Hi-Tech Dumpster Diving

The notion of trashing your competitor apparently has taken on new meaning in the wake of a bitter rivalry between Microsoft Corp., Seattle, and Oracle Corp., Redwood Shores, Calif. Oracle has admitted that it hired a prominent Washington, D.C., detective agency to investigate certain pro-Microsoft organizations. These organizations, which claimed to be independent, were attempting to manipulate public opinion against the government's antitrust Microsoft suit.

Oracle's acknowledgement followed stories in New York Times, The Wall Street Journal and The Washington Post, linking the private eyes to failed efforts to buy garbage from cleaning workers at the offices of the Association for Competitive Technology, Washington, D.C. However, the detective firm did uncover documents elsewhere showing that Microsoft financially supported two similar groups. Documents from pro-Microsoft organizations were cited in several newspaper articles.

"We did, however, insist that whatever methods [the agency] employed must be legal," said an Oracle spokesman, who added that the agency gave the company such assurances.

For its part, the agency declined to discuss the case, but its chairman stated that the firm "abides by a rigorous code of ethics and conducts all of its investigations in a lawful manner."

The association's president stated that he was considering legal action on what he called a violation of his employees' privacy in the trash caper.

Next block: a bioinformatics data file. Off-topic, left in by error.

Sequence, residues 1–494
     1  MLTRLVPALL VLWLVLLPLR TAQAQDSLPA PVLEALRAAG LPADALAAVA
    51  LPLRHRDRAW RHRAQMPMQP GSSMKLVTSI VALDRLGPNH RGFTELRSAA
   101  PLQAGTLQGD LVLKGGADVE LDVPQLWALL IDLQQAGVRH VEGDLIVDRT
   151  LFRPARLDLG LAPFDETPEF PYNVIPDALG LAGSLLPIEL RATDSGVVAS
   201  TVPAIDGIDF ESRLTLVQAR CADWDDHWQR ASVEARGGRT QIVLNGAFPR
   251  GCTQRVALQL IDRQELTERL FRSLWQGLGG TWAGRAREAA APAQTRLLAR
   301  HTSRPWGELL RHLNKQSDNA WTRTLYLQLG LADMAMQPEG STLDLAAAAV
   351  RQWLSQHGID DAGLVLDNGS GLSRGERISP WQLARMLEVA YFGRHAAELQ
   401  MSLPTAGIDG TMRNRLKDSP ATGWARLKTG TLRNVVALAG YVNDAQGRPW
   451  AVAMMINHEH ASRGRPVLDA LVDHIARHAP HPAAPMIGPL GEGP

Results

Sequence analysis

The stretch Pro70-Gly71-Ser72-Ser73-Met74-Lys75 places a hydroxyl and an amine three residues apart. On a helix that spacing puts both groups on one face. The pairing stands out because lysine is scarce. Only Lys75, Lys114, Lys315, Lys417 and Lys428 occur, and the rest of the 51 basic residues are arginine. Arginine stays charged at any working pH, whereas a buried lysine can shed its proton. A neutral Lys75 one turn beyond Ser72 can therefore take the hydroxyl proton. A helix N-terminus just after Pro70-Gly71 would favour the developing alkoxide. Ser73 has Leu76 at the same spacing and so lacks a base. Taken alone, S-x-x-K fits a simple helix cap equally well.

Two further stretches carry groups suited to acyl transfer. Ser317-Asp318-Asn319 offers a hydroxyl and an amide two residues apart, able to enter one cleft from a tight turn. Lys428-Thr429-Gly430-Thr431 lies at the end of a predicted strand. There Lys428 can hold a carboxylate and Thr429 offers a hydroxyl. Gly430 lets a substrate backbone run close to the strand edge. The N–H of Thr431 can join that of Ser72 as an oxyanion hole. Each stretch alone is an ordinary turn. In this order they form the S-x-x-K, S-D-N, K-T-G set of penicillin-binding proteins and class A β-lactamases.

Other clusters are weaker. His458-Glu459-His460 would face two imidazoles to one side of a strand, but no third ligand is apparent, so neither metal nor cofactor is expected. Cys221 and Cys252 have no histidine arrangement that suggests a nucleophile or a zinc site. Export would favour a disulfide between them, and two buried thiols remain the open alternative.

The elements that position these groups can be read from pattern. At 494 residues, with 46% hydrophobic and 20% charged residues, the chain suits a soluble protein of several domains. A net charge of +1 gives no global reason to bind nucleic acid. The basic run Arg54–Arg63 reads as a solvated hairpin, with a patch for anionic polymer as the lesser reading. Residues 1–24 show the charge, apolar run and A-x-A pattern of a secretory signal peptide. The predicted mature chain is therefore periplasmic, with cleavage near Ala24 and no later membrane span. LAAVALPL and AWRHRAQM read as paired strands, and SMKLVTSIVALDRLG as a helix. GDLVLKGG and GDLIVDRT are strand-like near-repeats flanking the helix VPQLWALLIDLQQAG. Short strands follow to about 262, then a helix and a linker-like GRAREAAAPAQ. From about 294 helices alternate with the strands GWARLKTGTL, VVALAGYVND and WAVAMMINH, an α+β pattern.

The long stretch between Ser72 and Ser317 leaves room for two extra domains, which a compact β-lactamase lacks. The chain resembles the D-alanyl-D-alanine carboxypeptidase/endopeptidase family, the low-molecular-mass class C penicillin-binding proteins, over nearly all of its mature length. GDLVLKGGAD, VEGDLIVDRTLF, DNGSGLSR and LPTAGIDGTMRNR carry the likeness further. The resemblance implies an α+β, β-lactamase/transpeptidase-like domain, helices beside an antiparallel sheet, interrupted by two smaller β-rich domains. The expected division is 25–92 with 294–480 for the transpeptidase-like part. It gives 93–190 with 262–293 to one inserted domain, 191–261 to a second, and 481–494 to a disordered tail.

Ironically, Microsoft also admits to rifling through another firm's trash. In 1993, according to court records, Microsoft hired an investigator who joined a police raid on a company under suspicion for pirating Microsoft products. The investigator picked through the company's trash, finding a number of important documents that Microsoft later produced in court.

Snooping on business rivals seems to be part of doing business everywhere. Respectable corporate detectives, who, for the record, refer to "dumpster diving" as shameful, nevertheless engage in discreet trash raids now and then. Meanwhile, no bright lines mark the ethical and legal limits.

Picking through garbage left out in a public area may be legal if the waste generator has no reasonable expectation of privacy regarding the discarded items. However, entering an enclosed area to take a trash bin's contents could be considered burglary. Someone who is caught paying money to a janitor or a municipal employee for access to trash could be prosecuted for commercial or official bribery.

Some firms "just say no." Companies that have been offered trade secrets from rivals have handed back information and disclosed the identities of the individuals making the offer, according to a Houston security consultant.

Federal prosecutors say that the most crucial evidence against Microsoft came from documents and e-mail furnished by the company itself - not from competitors.

Would anyone have believed that the battle between the high-tech giants Oracle and Microsoft would be fought with old fashioned paper trash?